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The Inclusion of Numeracy in Adult Basic Education

Volume 3: Chapter Five
Dave Tout, Mary Jane Schmitt

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In their chapter on numeracy in ABE, Dave Tout and Mary Jane Schmitt begin by exploring the many terms used to describe the learning of mathematics by adults. They discuss the relationship between the terms "mathematics" and "numeracy" and explain why numeracy - making meaning with numbers and mathematical processes - is the term they chose for their overview. Moving on to examine adult numeracy education in the U.S, the authors find that little attention is paid to the development of math skills among adults in ABE research but that adult numeracy education is prominent in practice. They highlight the development of practitioner groups that share ideas, promote improvement in practice and influence curriculum development at state, local and national levels. Further, they discuss influences on math education (e.g., GED exams and commercially-produced workbooks) and discuss the place of numeracy in policy documents, including the National Reporting System and Equipped for the Future Content Standards.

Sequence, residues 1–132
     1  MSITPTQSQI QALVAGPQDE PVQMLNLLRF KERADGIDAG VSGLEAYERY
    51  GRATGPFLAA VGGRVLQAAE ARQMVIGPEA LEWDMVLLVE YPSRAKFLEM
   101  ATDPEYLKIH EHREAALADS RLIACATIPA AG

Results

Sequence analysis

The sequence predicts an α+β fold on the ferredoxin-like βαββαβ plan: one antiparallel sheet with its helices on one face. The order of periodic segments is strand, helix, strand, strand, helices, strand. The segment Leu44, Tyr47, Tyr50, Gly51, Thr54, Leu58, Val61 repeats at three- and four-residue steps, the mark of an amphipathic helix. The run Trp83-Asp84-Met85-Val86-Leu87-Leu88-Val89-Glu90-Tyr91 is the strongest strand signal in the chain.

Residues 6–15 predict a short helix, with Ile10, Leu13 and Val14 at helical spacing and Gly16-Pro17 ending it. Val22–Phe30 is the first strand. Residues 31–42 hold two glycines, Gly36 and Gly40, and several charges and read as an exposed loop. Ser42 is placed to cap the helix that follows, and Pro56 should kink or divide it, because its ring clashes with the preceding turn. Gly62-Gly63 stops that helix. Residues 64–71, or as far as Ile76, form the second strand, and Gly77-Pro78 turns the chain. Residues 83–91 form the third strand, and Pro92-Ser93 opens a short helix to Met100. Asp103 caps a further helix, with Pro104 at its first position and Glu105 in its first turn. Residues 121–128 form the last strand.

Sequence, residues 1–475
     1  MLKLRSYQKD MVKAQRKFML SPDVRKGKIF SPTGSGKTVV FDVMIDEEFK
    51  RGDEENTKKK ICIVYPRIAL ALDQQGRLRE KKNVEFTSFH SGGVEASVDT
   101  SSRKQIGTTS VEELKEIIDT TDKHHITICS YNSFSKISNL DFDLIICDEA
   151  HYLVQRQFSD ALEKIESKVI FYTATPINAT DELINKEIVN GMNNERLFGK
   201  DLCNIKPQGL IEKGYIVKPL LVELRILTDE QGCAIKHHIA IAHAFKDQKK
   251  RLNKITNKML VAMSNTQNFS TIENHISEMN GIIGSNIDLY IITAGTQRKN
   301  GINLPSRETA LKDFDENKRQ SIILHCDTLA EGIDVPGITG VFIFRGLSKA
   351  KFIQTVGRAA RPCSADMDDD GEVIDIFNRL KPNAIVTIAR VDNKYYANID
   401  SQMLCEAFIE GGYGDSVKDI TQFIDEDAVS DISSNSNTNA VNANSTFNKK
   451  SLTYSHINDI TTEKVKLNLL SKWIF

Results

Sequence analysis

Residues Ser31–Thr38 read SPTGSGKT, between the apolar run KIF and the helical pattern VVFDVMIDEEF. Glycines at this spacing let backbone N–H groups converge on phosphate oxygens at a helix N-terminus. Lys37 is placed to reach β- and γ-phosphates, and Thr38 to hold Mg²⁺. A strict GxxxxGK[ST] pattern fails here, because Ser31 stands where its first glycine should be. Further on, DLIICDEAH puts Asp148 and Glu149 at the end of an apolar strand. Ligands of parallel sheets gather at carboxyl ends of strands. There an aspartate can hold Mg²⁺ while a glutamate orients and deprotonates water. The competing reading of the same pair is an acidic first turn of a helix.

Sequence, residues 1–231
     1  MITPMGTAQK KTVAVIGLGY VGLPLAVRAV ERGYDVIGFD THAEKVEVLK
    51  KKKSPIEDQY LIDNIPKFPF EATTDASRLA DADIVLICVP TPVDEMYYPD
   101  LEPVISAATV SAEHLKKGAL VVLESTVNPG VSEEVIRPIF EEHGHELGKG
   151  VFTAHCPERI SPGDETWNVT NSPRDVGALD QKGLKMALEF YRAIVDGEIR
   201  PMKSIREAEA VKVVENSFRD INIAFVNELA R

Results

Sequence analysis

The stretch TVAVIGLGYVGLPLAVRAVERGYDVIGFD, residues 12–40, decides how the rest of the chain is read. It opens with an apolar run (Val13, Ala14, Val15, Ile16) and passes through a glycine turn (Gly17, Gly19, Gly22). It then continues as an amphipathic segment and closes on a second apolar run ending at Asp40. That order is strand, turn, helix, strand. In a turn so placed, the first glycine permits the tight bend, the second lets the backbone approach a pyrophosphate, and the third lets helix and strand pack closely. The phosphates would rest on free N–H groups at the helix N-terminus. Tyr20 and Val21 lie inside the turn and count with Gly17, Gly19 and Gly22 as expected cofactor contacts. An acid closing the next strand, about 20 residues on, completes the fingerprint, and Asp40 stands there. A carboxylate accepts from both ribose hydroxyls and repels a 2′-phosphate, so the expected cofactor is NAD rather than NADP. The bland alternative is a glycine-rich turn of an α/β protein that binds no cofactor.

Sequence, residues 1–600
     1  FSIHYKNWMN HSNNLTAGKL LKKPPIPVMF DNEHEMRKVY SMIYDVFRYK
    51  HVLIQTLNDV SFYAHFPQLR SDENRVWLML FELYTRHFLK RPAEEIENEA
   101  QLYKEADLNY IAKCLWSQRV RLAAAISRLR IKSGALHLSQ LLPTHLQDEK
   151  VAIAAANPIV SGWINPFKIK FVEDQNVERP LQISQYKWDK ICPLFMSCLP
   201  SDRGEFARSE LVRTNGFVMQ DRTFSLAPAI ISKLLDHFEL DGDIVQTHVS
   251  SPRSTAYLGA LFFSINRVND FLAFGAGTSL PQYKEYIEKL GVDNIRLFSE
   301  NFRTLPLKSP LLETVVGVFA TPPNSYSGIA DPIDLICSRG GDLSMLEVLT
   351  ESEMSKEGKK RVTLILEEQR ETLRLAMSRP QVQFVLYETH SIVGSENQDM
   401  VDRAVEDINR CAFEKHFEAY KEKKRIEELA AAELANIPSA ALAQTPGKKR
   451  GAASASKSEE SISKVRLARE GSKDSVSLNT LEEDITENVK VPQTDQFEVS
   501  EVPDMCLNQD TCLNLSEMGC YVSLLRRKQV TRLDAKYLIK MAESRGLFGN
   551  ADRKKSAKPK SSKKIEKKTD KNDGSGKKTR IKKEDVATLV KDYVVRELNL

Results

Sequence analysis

Given the relative paucity of work pertaining to adult numeracy education, Tout and Schmitt look to K-12 math education. They highlight areas of research, including constructivist models, gender and ethnomathematics ("street math"), and note lessons to be drawn from K-12 research on math education. In addition, they note important policy developments, such as the National Council of Teachers of Mathematics (NCTM) standards, which continue to influence math education at the K-12 and ABE levels. Beyond the U.S., Tout and Schmitt discuss research initiatives and international efforts to understand and promote effective adult numeracy education. Drawing from examples in Australia, the Netherlands and the U.K, they discuss efforts in the areas of curriculum and instruction, assessment, and teacher support and professional development. In addition, they note successful efforts to embed numeracy in curriculum and assessment frameworks and instructional materials and to involve math educators in their creation. Tout and Schmitt conclude the chapter with the need for future research to focus on issues of cognition and the numeracy demands of society and ways adults can meet those demands. They call for more teacher support and professional development in both pedagogy and content knowledge and greater involvement of practitioners in the development of curriculum standards, assessment tools and instructional materials. In the policy arena, the authors recommend including numeracy practitioners in the development of ABE policies, building an understanding among the public of the importance of numeracy skills, and coordinating efforts to improve and support adult numeracy education at federal, state and local levels. As Tout and Schmitt stress, numeracy needs to be viewed as a core essential skill, as critical for adults as literacy.

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